The American Hospital Association estimated that since 2000, the number of physicians employed by hospitals has increased 32 percent.

Axe said the evolving system could fracture relationships with patients as more doctors become employees and decline to work the extra hours for late appointments and record keeping.

“We tend to think of doctors as entrepreneurs. They are solely responsible for building up a practice and they keep 100 percent of the spoils,” said David Dranove, economics professor at Northwestern University and director of its Health Management Program.

But that’s not true anymore with employee-doctors, he said. “I can’t help but think that in a generation’s time, doctors will forget what it takes to build a practice and sustain relationship with patients,” said Dranove, author of a health care blog called “Code Red.”

Upcoming regulations require investments in technology for doctors dealing with Medicare, Medicaid and private insurance. The intent behind the regulations is to curb costs and ensure quality, but experts wonder if pernicious cost growth will slip elsewhere into the system, such as from enlarged hospital chains that have more clout with insurance.

Larry Goldberg, CEO of Loyola University Health System, agreed that while hospitals are maneuvering for leverage, the broader aim is to make care more coordinated and remove needless cost. “The real end result is being able to compete on value,” he said. “We want to measure outcomes and compare ourselves to others and be able to truly know what are the costs to provide those services. It’s a journey.”

As to physicians coming under the hospital umbrella, Goldberg said compensation can be arranged so they are rewarded for hard work and effective diagnoses.

Thomas O’Rourke, professor emeritus of community health at the University of Illinois, has sympathy for the doctors, but only to a point. “The MDs have lost out to the MBAs and the business side of medicine,” he said.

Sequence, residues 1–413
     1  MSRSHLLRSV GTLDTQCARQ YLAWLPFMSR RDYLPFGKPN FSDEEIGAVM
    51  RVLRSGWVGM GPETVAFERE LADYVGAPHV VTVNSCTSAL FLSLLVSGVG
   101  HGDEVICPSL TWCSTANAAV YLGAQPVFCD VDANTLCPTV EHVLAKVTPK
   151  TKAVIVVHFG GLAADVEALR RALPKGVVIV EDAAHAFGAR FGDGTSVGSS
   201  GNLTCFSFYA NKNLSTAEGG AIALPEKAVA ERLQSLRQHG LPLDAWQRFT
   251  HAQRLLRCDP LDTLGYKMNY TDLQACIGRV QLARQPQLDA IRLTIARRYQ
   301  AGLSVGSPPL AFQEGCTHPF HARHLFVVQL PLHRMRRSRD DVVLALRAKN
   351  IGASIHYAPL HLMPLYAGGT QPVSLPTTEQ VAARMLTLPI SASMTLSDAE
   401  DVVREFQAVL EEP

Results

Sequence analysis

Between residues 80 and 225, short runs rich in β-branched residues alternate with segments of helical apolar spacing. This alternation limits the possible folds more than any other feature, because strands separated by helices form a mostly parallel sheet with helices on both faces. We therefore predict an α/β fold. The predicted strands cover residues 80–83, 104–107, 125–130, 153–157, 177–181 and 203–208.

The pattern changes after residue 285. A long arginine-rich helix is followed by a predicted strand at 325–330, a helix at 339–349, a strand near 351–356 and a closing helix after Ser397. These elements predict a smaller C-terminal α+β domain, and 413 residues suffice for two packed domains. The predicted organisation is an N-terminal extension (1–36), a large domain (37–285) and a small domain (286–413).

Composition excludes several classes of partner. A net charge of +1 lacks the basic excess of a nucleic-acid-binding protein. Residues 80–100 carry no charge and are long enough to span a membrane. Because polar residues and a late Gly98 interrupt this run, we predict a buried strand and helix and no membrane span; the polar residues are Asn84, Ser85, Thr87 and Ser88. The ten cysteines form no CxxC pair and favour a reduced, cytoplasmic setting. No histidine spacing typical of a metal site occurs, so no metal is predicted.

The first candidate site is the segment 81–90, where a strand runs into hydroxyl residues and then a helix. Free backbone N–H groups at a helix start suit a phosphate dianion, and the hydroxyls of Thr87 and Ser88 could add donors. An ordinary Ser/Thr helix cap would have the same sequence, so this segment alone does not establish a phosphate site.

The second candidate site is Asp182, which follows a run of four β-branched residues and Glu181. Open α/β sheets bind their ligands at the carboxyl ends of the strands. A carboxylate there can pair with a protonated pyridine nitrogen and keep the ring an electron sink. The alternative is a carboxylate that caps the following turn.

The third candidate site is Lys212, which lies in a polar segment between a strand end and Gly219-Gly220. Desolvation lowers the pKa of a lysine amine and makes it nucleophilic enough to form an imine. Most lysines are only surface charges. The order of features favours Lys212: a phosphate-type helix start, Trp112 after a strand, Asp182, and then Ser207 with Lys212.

They have to make some concessions, though, because their decisions account for 75 percent of the nation’s $2.7 trillion in health care spending, O’Rourke said. “You listen to them, and they say, ‘I want to do what I want, when I want and charge whatever I want.’ That isn’t reasonable.”

Despite doubts about the health care act, it has helped many people, including the more than 3,300 Illinois residents in the Pre-existing Condition Insurance Plan, now closed to new members. That’s a fraction of the number of state residents estimated to be living with chronic conditions.

David Zoltan, 35, of Lakeview, said the plan rescued him when he lost his job and then his insurance last year. Zoltan, a diabetic, said the only reason he could afford his daily shots of insulin, costing $120 a bottle, was because his doctors “tried to do everything they could to make sure that I had at least my insulin so that I could live.” Even so, there were gaps that resulted in him having to go to the emergency room three times, he said. Since he got insurance, paying $200 a month, Zoltan said his credit still doesn’t look good, but “I don’t have to worry about if I do have to go to the hospital, how am I going to pay. … I’m breathing a little bit easier now.”